Core Data and Swift: Managed Objects and Fetch Requests

Core Data and Swift: Managed Objects and Fetch Requests

With everything about Cora Data data models still fresh in your mind, it's time to start working with Core Data. In this article, we meet NSManagedObject, the class you'll interact with most when working with Core Data. You'll learn how to create, read, update, and delete records.

You'll also get to know a few other Core Data classes, such as NSFetchRequest and NSEntityDescription. Let me start by introducing you to NSManagedObject, your new best friend.


What I cover in this series on Core Data is applicable to iOS 7+ and OS X 10.10+, but the focus will be on iOS. In this series, I will work with Xcode 7.1 and Swift 2.1. If you prefer Objective-C, then I recommend reading my earlier series on the Core Data framework.

1. Managed Objects

Instances of NSManagedObject represent a record in Core Data's backing store. Remember, it doesn't matter what that backing store looks like. However, to revisit the database analogy, an NSManagedObject instance contains the information of a row in a database table.

The reason Core Data uses NSManagedObject instead of NSObject as its base class for modeling records will make more sense a bit later. Before we start working with NSManagedObject, we need to know a few things about this class.


Each NSManagedObject instance is associated with an instance of NSEntityDescription. The entity description includes information about the managed object, such as the entity of the managed object as well its attributes and relationships.


A managed object is also linked to an instance of NSManagedObjectContext. The managed object context to which a managed object belongs, monitors the managed object for changes.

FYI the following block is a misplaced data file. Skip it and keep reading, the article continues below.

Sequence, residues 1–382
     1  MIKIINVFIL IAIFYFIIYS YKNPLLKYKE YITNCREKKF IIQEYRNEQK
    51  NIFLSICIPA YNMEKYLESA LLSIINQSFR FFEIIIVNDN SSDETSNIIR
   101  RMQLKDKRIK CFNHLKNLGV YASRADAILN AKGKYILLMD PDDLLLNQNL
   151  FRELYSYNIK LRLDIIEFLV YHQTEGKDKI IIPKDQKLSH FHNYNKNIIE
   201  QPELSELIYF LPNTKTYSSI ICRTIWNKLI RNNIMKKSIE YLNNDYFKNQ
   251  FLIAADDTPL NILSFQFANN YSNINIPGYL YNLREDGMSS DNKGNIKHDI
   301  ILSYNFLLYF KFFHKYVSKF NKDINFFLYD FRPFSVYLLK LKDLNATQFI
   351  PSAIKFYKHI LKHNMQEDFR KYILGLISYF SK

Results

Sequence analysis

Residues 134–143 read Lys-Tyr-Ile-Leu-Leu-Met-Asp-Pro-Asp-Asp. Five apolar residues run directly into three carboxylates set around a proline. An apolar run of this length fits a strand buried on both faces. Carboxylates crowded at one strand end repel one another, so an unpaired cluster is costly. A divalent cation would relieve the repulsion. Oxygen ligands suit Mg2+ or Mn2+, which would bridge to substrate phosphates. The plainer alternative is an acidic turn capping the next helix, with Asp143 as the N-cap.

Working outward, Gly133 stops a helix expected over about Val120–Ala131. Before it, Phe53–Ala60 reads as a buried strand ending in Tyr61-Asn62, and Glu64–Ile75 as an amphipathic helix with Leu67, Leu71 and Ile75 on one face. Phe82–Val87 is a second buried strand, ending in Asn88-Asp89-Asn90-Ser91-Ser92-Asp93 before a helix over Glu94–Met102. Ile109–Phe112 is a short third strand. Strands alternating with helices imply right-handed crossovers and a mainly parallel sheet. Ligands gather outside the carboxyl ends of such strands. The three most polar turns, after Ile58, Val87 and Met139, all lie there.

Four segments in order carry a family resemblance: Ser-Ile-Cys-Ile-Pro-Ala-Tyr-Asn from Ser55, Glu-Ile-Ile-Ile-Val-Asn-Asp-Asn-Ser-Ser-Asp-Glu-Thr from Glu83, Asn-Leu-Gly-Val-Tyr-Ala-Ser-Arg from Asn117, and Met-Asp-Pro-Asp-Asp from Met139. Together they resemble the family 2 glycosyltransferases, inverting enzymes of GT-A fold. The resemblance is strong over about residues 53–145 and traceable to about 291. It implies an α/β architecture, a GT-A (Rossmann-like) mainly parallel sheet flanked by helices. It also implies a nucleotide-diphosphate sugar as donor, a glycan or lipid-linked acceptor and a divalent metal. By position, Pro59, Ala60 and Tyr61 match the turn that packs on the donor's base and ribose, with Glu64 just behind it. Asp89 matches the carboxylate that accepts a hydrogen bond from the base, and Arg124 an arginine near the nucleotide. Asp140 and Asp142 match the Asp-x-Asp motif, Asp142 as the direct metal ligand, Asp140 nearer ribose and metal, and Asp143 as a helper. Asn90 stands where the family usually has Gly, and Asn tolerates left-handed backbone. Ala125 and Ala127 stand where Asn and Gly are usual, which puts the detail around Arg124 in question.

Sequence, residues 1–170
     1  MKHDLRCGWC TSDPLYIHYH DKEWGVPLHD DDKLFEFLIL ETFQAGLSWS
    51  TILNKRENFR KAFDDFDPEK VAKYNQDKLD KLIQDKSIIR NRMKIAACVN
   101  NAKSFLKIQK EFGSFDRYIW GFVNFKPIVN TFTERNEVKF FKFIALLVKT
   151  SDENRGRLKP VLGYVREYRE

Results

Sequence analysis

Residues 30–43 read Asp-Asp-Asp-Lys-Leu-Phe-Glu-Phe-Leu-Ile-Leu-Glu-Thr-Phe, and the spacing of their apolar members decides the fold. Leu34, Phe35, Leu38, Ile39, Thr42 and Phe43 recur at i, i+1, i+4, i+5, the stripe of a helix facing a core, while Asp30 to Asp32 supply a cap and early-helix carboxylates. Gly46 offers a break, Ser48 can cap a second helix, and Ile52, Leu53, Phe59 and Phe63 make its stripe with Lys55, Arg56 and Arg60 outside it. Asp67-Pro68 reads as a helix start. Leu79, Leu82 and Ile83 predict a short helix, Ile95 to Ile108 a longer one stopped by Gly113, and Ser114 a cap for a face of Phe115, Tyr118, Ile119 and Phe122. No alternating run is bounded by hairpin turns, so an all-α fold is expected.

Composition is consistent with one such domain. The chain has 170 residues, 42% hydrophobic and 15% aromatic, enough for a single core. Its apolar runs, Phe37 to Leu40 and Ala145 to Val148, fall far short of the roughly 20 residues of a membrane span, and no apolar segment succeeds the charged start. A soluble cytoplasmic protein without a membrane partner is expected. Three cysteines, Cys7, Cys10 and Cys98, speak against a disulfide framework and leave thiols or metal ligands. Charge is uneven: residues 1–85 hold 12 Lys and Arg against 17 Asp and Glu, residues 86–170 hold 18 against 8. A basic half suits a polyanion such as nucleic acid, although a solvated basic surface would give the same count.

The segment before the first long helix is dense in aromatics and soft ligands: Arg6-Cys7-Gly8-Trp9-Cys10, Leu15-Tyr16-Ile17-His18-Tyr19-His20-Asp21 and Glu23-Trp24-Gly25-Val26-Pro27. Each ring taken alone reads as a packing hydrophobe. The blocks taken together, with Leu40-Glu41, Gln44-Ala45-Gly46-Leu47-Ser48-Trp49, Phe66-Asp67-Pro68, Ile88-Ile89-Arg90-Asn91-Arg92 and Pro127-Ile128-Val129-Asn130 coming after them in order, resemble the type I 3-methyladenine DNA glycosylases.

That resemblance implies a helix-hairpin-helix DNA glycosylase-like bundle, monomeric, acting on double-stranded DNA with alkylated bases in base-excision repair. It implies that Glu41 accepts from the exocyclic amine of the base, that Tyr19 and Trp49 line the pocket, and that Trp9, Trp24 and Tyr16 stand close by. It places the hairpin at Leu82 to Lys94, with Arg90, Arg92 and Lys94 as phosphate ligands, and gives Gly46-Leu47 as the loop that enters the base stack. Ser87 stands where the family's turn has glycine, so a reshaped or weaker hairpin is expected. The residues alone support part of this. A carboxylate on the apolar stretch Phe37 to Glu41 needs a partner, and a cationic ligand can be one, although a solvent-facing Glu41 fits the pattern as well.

2. Creating a Record

With the above in mind, creating a managed object is pretty straightforward. To make sure a managed object is properly configured, it is recommended to use the designated initializer for creating new NSManagedObject instances. Let's see how this works by creating a new person object.

Open the project from the previous article or clone the repository from GitHub. Because we won't be building a functional application in this article, we'll do most of our work in the application delegate class, AppDelegate. Open AppDelegate.swift and update the implementation of application(_:didFinishLaunchingWithOptions:) as shown below.

The first thing we do, is creating an instance of the NSEntityDescription class by invoking entityForName(_:inManagedObjectContext:). We pass the name of the entity we want to create a managed object for, "Person", and an NSManagedObjectContext instance.

Why do we need to pass in a NSManagedObjectContext object? We specify the name that we want to create a managed object for, but we also need to tell Core Data where it can find the data model for that entity. Remember that a managed object context is tied to a persistent store coordinator and a persistent store coordinator keeps a reference to a data model. When we pass in a managed object context, Core Data asks its persistent store coordinator for its data model to find the entity we're looking for.

In the second step, we invoke the designated initializer of the NSManagedObject class, init(entity:insertIntoManagedObjectContext:). We pass in the entity description and an NSManagedObjectContext instance. Wait? Why do we need to pass in another NSManagedObjectContext instance? Remember what I wrote earlier. A managed object is associated with an entity description and it lives in a managed object context, which is why we tell Core Data which managed object context the new managed object should be linked to.

This isn't too complex. Is it? We've now created a new person object. How do we change its attributes or define a relationship? This is done by leveraging key-value coding. To change the first name of the new person object we just created we do the following:

If you're familiar with key-value coding, then this should look very familiar. Because the NSManagedObject class conforms to the NSKeyValueCoding protocol, we set an attribute by invoking setValue(_:forKey:). It's that simple.

One downside of this approach is that you can easily introduce bugs by misspelling an attribute or relationship name. Also, attribute names are not autocompleted by Xcode like, for example, property names are. This problem is easy to solve, but that's something we'll take a look at a bit later in this series.

Before we continue our exploration of NSManagedObject, let's set the age attribute of newPerson to 44.

3. Saving a Record